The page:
Do you need a car? Do you need one that is practical, that’s reliable to a fault and that you can stand and look at with your partner in same way proud parents look at their children when they’re not screaming? What you need, then, is the first generation Honda HR-V.
Look at them. They’re so proud. We think. We’re no experts on body language, but the lady doesn’t seem to be reciprocating the fella’s arm around her. Has he annoyed her? She seems salty. Maybe that’s not their HR-V and that’s why she’s annoyed? That seems plausible. We don’t own a Honda HR-V and we’re annoyed by that fact every day. It’s a fun, funky little car what still cuts a dash now, nearly twenty years after its launch. You can’t say that about a twenty year-old Fiesta, can you?
Honda positioned the HR-V as being a car for the youth market, for the people who bought cars because of their charm, not because of their stats in a road test. It was positioned in the market not as a crossover, but as a lifestyle vehicle. Hell, Honda even branded it as the ‘Joy Machine’ in the adverts, which pretty much sets the tone. It was fun. A car for people who like to smile, and man alive, if we don’t need a bit of that at the moment…
Ahh, the owners have turned up now. You can tell, look how happy they are.
At first, the HR-V was available as a three-door and a five-door. Honda was sure that the people buying it didn’t need five. However, in the end it conceded that better access to the rear seats would indeed mean more sales, so as of 2003 the three-door was canned. And we think that’s a bit of a shame, as we like the long-doored version. It looks more bold and more deliberate. Plus, the design looks cleaner, as there are fewer pillars to break up the windows. But hey, that’s just us. The five-door is of course much more practical, and for many, that’s what matters.
While we’re talking about practicality, we should mention the interior. It’s typical Honda stuff, and surprisingly isn’t all that exciting. However, it’s well made, it’s sturdy and it still hold up twenty years on. Honda knows how to screw a car together, and it shows with examples like this. It’s an ergonomic delight, with everything in reach and all the switches and interfaces are pleasingly solid and tactile. The seats are firm, the driving position is commanding and there is a decent amount of adjustment for the driver, though the steering wheel is only height adjustable. Reach is fixed. The front passengers also get lots of space, which is nice. However, the rear seats are lacking. Adults will need to snap body parts to get in, but they get cup holders as a reward. It’s a rear bench for the kids, and small ones at that. Access is tricky in three-door guise, too. Still, the rear seats do fold flat, so you can fill the back with surf boards and other lifestyle things.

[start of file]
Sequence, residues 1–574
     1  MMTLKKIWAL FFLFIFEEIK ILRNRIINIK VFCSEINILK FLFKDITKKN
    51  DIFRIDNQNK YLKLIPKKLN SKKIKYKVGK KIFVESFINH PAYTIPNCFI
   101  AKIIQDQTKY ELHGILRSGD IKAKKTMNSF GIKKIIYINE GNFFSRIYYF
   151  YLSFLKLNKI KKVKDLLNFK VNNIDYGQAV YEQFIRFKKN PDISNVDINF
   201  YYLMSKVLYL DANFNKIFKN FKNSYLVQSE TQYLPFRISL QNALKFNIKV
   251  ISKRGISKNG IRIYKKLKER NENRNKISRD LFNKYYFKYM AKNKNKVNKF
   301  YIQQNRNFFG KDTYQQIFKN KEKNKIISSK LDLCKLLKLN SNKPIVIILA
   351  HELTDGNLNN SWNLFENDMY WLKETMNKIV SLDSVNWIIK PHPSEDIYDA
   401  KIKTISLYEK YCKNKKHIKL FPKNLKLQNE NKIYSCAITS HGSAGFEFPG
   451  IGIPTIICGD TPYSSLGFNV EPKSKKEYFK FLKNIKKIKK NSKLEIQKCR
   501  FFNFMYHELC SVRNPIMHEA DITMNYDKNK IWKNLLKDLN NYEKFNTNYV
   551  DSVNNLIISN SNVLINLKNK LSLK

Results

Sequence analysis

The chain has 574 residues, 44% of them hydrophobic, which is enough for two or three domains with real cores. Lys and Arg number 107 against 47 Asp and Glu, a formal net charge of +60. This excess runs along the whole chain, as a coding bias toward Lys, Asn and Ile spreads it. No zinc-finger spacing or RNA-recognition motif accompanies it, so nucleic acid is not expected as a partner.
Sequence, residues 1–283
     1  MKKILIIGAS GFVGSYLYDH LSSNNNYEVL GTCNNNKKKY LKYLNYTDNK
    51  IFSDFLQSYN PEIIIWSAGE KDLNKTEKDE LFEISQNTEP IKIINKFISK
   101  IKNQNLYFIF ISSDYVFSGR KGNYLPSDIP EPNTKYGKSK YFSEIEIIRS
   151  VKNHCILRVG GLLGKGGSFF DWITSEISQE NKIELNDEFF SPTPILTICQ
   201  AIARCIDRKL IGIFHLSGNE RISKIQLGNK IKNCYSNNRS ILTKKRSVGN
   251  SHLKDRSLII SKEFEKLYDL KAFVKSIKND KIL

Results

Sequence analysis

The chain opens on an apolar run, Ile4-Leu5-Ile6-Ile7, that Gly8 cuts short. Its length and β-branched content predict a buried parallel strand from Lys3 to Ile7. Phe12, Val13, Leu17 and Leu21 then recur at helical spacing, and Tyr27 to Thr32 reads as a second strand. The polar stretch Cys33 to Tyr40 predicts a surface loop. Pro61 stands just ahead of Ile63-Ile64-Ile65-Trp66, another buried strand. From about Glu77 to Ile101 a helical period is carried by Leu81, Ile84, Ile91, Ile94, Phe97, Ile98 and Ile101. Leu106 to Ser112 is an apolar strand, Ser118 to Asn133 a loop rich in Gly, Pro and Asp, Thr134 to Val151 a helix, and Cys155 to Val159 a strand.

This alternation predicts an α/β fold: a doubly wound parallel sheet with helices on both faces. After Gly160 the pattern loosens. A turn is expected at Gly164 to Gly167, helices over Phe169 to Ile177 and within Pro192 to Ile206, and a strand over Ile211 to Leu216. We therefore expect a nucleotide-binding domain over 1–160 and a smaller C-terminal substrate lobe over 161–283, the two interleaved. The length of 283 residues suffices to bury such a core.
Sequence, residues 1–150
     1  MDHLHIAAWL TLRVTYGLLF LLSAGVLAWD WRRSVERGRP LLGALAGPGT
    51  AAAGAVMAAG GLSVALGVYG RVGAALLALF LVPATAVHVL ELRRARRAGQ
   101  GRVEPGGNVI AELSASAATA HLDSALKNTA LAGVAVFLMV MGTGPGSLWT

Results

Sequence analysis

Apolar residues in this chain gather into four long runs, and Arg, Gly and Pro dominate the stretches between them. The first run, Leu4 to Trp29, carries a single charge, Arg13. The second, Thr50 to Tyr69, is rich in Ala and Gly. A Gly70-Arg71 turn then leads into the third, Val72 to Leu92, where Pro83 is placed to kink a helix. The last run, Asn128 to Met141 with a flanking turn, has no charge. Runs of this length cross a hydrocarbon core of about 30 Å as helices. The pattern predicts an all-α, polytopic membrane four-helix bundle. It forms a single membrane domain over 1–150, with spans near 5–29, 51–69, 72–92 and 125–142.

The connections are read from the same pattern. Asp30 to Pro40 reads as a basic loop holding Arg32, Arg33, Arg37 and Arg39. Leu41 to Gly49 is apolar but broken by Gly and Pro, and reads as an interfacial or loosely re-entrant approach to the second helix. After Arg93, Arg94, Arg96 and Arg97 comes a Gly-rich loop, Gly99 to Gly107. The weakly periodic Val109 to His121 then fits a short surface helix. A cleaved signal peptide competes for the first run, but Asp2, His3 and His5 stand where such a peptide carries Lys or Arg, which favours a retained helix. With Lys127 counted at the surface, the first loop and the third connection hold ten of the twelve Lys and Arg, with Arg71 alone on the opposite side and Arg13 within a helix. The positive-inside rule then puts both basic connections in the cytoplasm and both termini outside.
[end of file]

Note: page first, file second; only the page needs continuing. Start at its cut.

Power choices for the HR-V were limited, because there was only one. But don’t fret, as it was and still is a good one. You get a 1.6 petrol four-banger with Vtec, yo. It gets a little noise when being thrashed, but it does a good job of hustling the HR-V along. There was an optional CVT, which was hopeless, so only bother if you have one leg. The manual transmission is the way to go. Delightfully Honda, the shifting is tight and direct. It’s no Type R, but it’s decent. On the road, the HR-V isn’t going to set your pants on fire. The steering is a little numb, and the slab-sided deigns means crosswinds will treat you like an errant ping pong ball, but aside from that, it’s composed, it goes where you point it and it stops when you ask it. Not really a Joy Machine, though. Just a, um… machine.
Look, this is how much fun you will have while washing it. Giant number one optional.
If you want some cheap wheels that carry with them a bit of personality, you can’t go wrong with the HR-V. You can pick them up for well under a grand, and as long as they’re still HR-V shaped and have been given the occasional service, they should run like a top. The HR-V isn’t going to be your full on family car, but it would make a nifty little commuter or similar. get a four wheel-drive one, fit some winter tyres and you’ll have a brilliant little weapon for the snow and ice.
It’s just a cheap car, but it’s got something about it. There’s a charm here, and there is something deeply reassuring to come from the reputation for reliability held by Honda. The HR-V might have missed the mark a little when it was new, and that’s a shame. But don’t think that means you should dismiss it. As a second car, as a runabout, and as something that can be quite practical when you need it to be (for moving stuff, not people) the HR-V is a sure fire winner.